Pro-life groups warn of late abortions in Ohio Issue 1. Here’s what the initiative says — By: Catholic News Agency

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Washington, D.C. Newsroom, Oct 17, 2023 / 10:50 am (CNA).

As early voting continues on the controversial Issue 1 abortion proposal in Ohio, pro-life groups are warning that the vague language in the proposed amendment could strip away parental rights and lead to late-term, partial-birth abortions on demand there.

Early voting began on Oct. 11 in the state, including on the proposed amendment to the state constitution that would guarantee the right to “every individual” to make “reproductive decisions,” including those on abortion. Under the new rule, lawmakers could only prohibit an abortion after “fetal viability” was established.

Supporters and opponents of the proposal have disputed what impact the proposed language would have on late-term and partial-birth abortions in the state, how viability will be measured, and whether children will need parental consent to procure an abortion.

Under current Ohio law, abortion is legal up to 22 weeks of pregnancy. Legislation that would ban abortion upon the detection of a heartbeat, which occurs around six weeks of pregnancy, is currently under review by the Ohio Supreme Court.

What the proposed amendment says

The amendment, if passed, would broadly establish that the state is not allowed to “directly or indirectly, burden, penalize, prohibit, interfere with, or discriminate” against anyone seeking an abortion.

Although the proposal adds that the state can prohibit abortion “after fetal viability,” the measure does clearly define that standard. It defines viability as “the point in a pregnancy when … the fetus has a significant likelihood of survival outside of the uterus with reasonable measures.”

Viability usually occurs around the 24th week of pregnancy, but the proposal does not set a strict week-based limit, instead allowing viability to be determined on a case-by-case basis based on the “professional judgment of the pregnant patient’s treating physician.”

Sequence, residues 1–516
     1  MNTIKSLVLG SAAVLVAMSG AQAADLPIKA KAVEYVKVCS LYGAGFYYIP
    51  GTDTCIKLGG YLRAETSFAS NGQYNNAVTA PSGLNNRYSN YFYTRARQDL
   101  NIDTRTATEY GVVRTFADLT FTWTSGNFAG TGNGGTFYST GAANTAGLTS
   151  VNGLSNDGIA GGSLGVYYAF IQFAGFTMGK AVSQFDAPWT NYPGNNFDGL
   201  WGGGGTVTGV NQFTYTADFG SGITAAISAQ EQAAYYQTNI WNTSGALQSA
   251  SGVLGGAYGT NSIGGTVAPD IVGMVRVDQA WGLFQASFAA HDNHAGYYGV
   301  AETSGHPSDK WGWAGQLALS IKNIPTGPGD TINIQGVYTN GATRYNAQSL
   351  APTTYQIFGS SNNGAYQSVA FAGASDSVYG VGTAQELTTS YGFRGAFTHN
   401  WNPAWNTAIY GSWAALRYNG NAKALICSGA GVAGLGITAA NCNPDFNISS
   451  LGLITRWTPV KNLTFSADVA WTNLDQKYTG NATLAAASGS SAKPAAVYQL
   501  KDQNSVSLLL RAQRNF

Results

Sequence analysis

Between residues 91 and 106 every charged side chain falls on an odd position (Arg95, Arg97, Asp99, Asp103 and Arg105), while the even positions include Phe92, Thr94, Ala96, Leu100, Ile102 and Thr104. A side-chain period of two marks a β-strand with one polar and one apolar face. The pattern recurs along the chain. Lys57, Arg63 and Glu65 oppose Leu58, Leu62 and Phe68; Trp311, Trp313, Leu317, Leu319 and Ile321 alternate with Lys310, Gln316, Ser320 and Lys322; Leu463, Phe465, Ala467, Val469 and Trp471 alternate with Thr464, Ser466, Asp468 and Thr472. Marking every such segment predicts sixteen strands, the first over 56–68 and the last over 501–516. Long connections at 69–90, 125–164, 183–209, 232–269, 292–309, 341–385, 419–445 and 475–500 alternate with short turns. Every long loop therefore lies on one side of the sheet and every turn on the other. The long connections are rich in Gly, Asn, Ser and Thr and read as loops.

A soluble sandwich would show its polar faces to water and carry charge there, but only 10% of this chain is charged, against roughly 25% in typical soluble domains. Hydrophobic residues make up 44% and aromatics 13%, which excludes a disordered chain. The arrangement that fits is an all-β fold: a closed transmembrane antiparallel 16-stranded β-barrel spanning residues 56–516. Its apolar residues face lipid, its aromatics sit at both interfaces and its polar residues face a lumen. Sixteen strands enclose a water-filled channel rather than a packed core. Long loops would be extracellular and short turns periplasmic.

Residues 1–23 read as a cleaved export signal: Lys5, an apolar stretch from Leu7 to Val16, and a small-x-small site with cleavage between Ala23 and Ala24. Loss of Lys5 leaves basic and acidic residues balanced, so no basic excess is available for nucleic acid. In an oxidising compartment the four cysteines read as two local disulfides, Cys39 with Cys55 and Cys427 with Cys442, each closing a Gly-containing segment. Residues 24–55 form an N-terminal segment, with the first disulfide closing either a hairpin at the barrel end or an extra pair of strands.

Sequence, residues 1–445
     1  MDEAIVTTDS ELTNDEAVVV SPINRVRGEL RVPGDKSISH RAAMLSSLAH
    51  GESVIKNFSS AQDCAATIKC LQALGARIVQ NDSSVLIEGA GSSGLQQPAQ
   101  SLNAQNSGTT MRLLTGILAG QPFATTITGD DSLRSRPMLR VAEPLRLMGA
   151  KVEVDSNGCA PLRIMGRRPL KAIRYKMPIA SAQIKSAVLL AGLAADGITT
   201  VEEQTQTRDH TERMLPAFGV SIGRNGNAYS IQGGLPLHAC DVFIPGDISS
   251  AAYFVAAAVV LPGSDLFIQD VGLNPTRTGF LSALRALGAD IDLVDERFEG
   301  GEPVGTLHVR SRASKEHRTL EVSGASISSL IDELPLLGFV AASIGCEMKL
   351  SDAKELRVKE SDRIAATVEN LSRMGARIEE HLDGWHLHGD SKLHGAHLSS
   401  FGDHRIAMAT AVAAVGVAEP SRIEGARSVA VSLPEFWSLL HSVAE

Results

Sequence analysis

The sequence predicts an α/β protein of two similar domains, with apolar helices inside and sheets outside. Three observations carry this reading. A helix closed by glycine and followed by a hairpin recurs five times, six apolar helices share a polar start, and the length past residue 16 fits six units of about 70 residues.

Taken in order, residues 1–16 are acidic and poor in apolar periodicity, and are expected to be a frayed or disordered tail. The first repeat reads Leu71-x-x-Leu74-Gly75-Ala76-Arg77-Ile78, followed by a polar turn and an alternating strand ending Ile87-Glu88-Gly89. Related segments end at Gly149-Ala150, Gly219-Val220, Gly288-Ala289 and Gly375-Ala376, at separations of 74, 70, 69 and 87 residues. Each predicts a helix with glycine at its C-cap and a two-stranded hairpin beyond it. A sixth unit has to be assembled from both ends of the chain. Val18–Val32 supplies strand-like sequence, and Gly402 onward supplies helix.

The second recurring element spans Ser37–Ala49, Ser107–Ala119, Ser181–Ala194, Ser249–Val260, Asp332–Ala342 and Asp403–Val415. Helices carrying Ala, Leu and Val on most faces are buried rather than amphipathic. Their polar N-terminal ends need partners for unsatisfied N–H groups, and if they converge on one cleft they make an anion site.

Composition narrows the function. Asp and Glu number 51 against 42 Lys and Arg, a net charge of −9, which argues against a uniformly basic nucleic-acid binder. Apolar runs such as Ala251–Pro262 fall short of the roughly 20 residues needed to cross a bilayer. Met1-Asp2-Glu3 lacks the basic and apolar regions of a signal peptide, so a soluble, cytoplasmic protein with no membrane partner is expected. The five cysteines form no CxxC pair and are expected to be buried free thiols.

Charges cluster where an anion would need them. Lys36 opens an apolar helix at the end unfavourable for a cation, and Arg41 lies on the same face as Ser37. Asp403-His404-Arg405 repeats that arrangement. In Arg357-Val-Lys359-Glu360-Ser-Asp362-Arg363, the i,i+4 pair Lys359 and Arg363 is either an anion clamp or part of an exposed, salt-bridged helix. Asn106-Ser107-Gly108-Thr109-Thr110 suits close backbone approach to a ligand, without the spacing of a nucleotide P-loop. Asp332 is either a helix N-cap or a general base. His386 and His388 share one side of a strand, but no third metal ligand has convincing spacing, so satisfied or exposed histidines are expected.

If the physician determines that the mother’s “life or health” is at risk, then abortion is permitted at any point in the pregnancy, even after viability, according to the proposal. Neither “life” nor “health” are defined.

With no clearly established cutoff for abortion, opponents of the measure have warned that this would allow the abortionists to determine viability however they choose and that there would consequently be no real restrictions on abortion in the state.

Megan Wold, the former deputy solicitor general in the Ohio attorney general’s office, said in a statement that the amendment “would impose no-limits abortion on Ohio.” 

“The initiative demands a capacious exception for post-viability abortions: In no case may abortion be prohibited (even where a baby is viable) if a physician determines that an abortion is necessary to protect a ‘pregnant patient’s’ life or health,” Wold said.

“As a legal matter, that phrasing is extremely broad — so broad that it amounts to permitting abortion on demand even if there is a post-viability ban in place.”

Molly Smith, a board member for the anti-Issue 1 group Protect Women Ohio, called the initiative “extreme.”

“The practice of late-term abortion is so barbaric that Republicans and Democrats agree it should be banned,” Smith said in a statement. “The groups behind Issue 1, including the ACLU, clearly missed the memo: Abortion-on-demand up until birth is too extreme for Ohioans. Period.”